II. Critical approaches to European political economy

Introduction: Critical political economy and European integration

Introduction: The EU as a political economy problem

The European Union (EU) is an elaborate beast, but at its most basic it is a political economy phenomenon. European integration is an exercise in market making, arguably on an unprecedented scale and certainly in ways that yield a complex set of multi-level relationships between economic space on the one hand and the exercise of both regulatory and political authority on the other. Put simply, the EU’s central raison d’etre amounts to the accomplishment of an area where constraints on economic transactions across national borders are minimised and, ideally, eradicated. The achievement of the ‘four freedoms’ — of goods, capital, services, and persons — might appear, at first sight, to be a highly technical matter — and is often presented as such. But market making also implies market regulation. Put another way, the development of a single market across any group of countries must also imply the construction of an institutional order to set the rules of the game for that market, to safeguard that the market stays free and competitive and to ensure that contracting member-states do not renege on their treaty commitments. The upshot is that the EU is often depicted as a ‘regulatory state’ — a form of authority charged with the establishment, maintenance, and reproduction of a market order (Majone 1997).

This last claim — of the EU’s status as a regulatory state — is not only an analytical statement. It is also a normative position — that the EU should be like this.This then begs the question of what a regulatory state does (or should) not do. If an authority is established, first and foremost, to make and maintain a market, then it does not follow that the authority has no responsibility for market correction — for the kinds of social policy interventions that seek to diminish the negative societal effects of market freedom. Equally, if the art of regulation is presented and performed as a solely technocratic exercise, then we might ask what role democratic authorisation has in determining the scope and nature of the market and of the substance of the policy regime that sets market ‘rules’. In short, we might ask questions about the legitimacy of the EU’s regulatory state (see Wincott 2006 for a critique along these lines).The asymmetry between the Europeanisation of market making and the failure to develop large scale supranational policy competence in areas of market correction and social policy is well known and much debated (Scharpf 2010). The relevance of politics should be obvious. Markets are made and governed. Understanding, who makes markets, why markets are made, how markets are made and in relation to which values, and in what ways markets ae governed sit at the heart of political economy analysis.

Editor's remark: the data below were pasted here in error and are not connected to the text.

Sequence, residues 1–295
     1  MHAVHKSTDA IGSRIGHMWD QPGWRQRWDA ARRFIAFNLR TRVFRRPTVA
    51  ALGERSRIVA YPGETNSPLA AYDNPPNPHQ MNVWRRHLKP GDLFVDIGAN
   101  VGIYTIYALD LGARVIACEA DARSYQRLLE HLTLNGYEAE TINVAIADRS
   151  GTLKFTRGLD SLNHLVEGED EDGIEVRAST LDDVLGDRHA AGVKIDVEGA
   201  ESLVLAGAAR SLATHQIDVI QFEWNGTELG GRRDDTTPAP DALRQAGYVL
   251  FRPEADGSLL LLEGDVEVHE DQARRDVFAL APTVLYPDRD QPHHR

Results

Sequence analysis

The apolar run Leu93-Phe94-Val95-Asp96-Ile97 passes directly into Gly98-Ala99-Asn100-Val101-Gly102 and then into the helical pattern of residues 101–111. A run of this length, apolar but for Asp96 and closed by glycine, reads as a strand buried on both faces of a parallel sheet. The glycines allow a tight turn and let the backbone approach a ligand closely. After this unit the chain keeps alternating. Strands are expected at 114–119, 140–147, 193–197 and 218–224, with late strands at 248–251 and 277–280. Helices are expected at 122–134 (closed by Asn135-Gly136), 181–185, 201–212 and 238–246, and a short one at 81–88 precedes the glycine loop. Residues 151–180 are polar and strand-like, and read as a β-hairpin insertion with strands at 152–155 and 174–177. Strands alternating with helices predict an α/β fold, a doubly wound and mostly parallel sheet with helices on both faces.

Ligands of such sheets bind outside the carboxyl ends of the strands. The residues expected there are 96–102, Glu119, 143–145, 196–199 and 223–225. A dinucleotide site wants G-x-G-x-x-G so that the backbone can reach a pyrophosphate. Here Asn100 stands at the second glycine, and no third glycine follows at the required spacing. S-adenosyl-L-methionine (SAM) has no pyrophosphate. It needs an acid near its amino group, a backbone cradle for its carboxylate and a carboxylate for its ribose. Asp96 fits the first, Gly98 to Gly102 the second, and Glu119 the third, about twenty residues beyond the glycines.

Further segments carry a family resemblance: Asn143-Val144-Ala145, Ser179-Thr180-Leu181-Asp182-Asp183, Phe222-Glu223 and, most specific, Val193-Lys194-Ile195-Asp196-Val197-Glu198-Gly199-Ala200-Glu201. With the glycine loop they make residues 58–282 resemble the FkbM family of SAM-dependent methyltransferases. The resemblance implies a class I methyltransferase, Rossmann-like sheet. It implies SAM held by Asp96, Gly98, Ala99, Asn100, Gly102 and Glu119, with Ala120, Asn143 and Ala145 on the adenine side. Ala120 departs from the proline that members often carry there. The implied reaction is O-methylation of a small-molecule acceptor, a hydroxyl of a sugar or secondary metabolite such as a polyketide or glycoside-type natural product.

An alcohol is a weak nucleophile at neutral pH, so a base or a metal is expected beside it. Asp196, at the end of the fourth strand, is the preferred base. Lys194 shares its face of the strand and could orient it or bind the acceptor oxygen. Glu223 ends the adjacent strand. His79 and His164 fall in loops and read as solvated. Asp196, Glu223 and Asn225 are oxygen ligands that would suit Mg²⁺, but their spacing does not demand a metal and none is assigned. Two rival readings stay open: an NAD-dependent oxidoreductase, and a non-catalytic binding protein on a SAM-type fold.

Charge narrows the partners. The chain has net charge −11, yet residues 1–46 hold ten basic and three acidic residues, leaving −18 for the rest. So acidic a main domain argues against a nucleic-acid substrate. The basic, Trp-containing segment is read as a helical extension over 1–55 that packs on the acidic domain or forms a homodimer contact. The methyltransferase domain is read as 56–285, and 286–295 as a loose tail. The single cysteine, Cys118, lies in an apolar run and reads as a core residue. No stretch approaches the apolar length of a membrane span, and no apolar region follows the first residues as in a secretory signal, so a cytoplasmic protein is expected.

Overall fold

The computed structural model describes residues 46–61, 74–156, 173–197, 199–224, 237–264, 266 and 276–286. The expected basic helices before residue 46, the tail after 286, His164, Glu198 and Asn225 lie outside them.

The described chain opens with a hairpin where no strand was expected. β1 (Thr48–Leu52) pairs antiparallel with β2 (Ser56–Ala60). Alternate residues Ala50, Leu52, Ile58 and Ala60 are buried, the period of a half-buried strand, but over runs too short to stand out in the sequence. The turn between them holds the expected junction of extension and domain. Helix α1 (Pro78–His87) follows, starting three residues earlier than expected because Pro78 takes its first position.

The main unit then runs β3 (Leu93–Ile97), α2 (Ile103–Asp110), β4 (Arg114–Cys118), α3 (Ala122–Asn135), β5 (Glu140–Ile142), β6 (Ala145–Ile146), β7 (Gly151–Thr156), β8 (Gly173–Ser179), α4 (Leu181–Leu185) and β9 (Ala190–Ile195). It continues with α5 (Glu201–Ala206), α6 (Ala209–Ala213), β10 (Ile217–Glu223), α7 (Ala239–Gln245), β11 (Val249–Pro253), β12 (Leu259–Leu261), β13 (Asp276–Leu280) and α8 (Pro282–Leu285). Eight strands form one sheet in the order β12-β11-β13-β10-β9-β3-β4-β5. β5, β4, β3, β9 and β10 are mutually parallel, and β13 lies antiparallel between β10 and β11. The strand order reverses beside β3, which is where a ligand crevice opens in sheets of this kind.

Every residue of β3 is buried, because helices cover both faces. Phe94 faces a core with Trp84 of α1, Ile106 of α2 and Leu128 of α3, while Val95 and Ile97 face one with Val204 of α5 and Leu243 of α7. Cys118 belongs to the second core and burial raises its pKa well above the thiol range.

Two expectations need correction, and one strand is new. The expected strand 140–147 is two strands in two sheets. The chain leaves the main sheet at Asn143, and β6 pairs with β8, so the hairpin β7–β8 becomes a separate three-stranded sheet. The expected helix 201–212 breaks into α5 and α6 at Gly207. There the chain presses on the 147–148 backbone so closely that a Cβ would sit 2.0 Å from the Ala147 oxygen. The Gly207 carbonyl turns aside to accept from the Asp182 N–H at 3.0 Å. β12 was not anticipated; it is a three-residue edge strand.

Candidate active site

In the EU’s case, the market order imagined in the 1957 Rome Treaty is accompanied by a distinctive institutional framework that has also developed into a quasi-constitutional legal order. But we also know that the EU’s economic space is subject to a variety of modes of governance, some of which — particularly those seeking to establish and enforce fiscal norms for member states — appear to have been fashioned relatively recently in the wake of the Eurozone crisis. The move beyond the common market to the creation of a common monetary regime and in particular the management of that regime in crisis raises acute questions about the relationship between political authority and economic governance in Europe, not least in light of the austerity treatment meted out to debtor Eurozone states.

Perhaps it is helpful to think about the political economy of European integration in terms of three long-standing and largely (unresolvable) dilemmas or tensions (see Rosamond 2017b for more detail).The first is the tension between market making and social solidarity. Does the former imply the erosion of the latter? Can the latter be protected in light of the former? The second is the tension between the development of a supranational legal/constitutional order and the requirement of democratic authorisation. Are markets made through democratic means? Or does the creation of authoritative institutions and systems of economic law effectively by-pass popular consent and democratic scrutiny? The third is the tension between the cosmopolitanism of a supranational market order and the persistence of communitarian/national identities. How does free factor movement impinge upon cultural identities and does the growth of transnational economic exchange activate nativist political sentiment and countervailing economic nationalist claims? In short, the study of the EU must attend to the origins and operation of the European market order, to the related regime of supranational economic governance, and the extent to which the consolidation the internal order and its regime plays a shaping role in the global economy more generally. To follow this logic also requires a focus on the range of political factors, including interests, ideas and institutions, that shape the workings of this emergent economic space.

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